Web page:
It’s just so hard to measure sexism, because, you know, sexism

Thursday 21 February marked the day that New Zealand women effectively stopped working for free – in comparison to their male counterparts.

This was marked on the Green Party’s Facebook page, and almost instantly a very common argument was raised:

I am 100% in favour of equal pay, but the problem with measuring the overall pay difference is that men, on average, have longer careers than women, as more women than men leave the work force to raise children. It’s a very difficult thing to measure properly.

I quote the comment not to hint that you should all descend in pack formation and tear the dude in question to pieces, but to illustrate: this is the problem with trying to speak about individual issues of patriarchy.

You talk about the pay gap, and people (not just dudes) say, “Oh but women take time off to have babies.”

You talk about women still being the predominant raisers and carers of children, and people say, “Oh but women are generally more nurturing.”

You talk about socialisation and constructed gender roles and peer pressure and people say, “That’s true, but in a [assumed hetero/cis] couple the woman probably earns less anyway so it makes sense for her to be the one to quit work.”

Lather, rinse, repeat.  (Issues not shown:  lack of flexible working arrangements because managers refuse to adapt to the 21st century; employer assumptions that all women are cisgendered, heterosexual, fertile, and planning children; differing levels of respect and accommodation given to men who chose to actively parent; etc.)

It’s all the same problem.  It all comes down to patriarchy.  And it means that when we say “effectively, women are paid so much less than men on average that they’ve been working for free until today” someone gets to just State The Facts about women’s shorter/interrupted careers … without being forced to consider why women’s careers are the ones that get shortened and/or interrupted.

Oh, and also?  There are plenty of douchebags in this world who do, absolutely, deliberately pay women less for the same role as men because they’re sexist pigs and because they know that they can play the “but what if she gets knocked up?” card whenever they like.  And good common-sense just-how-the-world-works people will nod and carry on letting patriarchy (and don’t forget capitalism, because there’s a reason it’s hard to consistently quantify the pay gap) screw us all over.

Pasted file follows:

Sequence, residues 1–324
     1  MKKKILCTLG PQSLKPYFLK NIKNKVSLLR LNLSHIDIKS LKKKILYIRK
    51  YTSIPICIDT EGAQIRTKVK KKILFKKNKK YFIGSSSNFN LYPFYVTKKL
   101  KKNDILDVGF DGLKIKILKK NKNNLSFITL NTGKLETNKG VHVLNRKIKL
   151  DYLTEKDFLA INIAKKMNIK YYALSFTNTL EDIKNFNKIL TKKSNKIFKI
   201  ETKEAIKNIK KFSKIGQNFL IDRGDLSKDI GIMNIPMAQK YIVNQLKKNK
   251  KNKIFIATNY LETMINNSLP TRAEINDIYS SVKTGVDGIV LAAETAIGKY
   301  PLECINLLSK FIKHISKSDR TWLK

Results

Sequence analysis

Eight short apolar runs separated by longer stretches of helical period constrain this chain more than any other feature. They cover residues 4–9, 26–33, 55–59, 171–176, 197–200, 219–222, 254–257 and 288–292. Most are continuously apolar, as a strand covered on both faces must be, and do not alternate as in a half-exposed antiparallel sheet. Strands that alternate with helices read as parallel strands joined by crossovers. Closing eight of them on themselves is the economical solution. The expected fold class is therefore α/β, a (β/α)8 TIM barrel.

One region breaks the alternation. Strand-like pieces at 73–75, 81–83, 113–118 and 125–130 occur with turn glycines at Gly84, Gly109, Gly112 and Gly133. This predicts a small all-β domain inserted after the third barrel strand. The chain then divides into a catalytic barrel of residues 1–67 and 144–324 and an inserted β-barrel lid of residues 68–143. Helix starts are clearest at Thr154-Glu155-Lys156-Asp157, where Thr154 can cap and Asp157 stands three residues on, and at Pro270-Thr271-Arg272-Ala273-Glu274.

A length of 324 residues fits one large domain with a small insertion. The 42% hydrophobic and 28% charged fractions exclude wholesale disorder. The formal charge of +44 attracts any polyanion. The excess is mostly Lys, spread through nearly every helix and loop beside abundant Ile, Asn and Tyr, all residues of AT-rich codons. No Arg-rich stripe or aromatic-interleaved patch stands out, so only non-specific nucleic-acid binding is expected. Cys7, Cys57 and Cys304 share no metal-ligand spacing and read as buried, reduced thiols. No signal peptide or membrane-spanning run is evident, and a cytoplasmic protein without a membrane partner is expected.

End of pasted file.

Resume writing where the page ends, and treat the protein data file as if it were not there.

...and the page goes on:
Thanks for that.

One comment

  1. Chris Miller

    Capitalism, or at the very least neo-capitalism, actually requires this kind of sexism embedded in it to function. It assumes everyone acting in their economic best interests but still needs someone to be at home raising children and doing chores, which will NEVER be in anyone’s economic best interests (unless they’re raising the children of and doing chores for an extremely generous rich family). It’s the same thing as the so-called full employment NZ had during the middle of the 20th century. There might have been only five people on the unemployment benefit but many women didn’t work outside the home because that’s how it was structured – it was only ever full male employment. You can’t have wages being pushed so low that people need three jobs to pay their bills and expect them to raise families and keep a house going (though some people, incredibly, manage it, which is seriously astounding), and you can’t have the white collar office jobs where the unspoken assumption is that you’ll work 70 hour weeks to show your dedication if everyone needs to maintain a more realistic work-life balance. You can only do that if the presumed household structure has someone not doing that. Which, of course, just screws over the women who want to work more, the men who want to stay home, anyone who thinks 40 hours a week should give you a perfectly adequate income, etc. It’s all pretty much bullshit.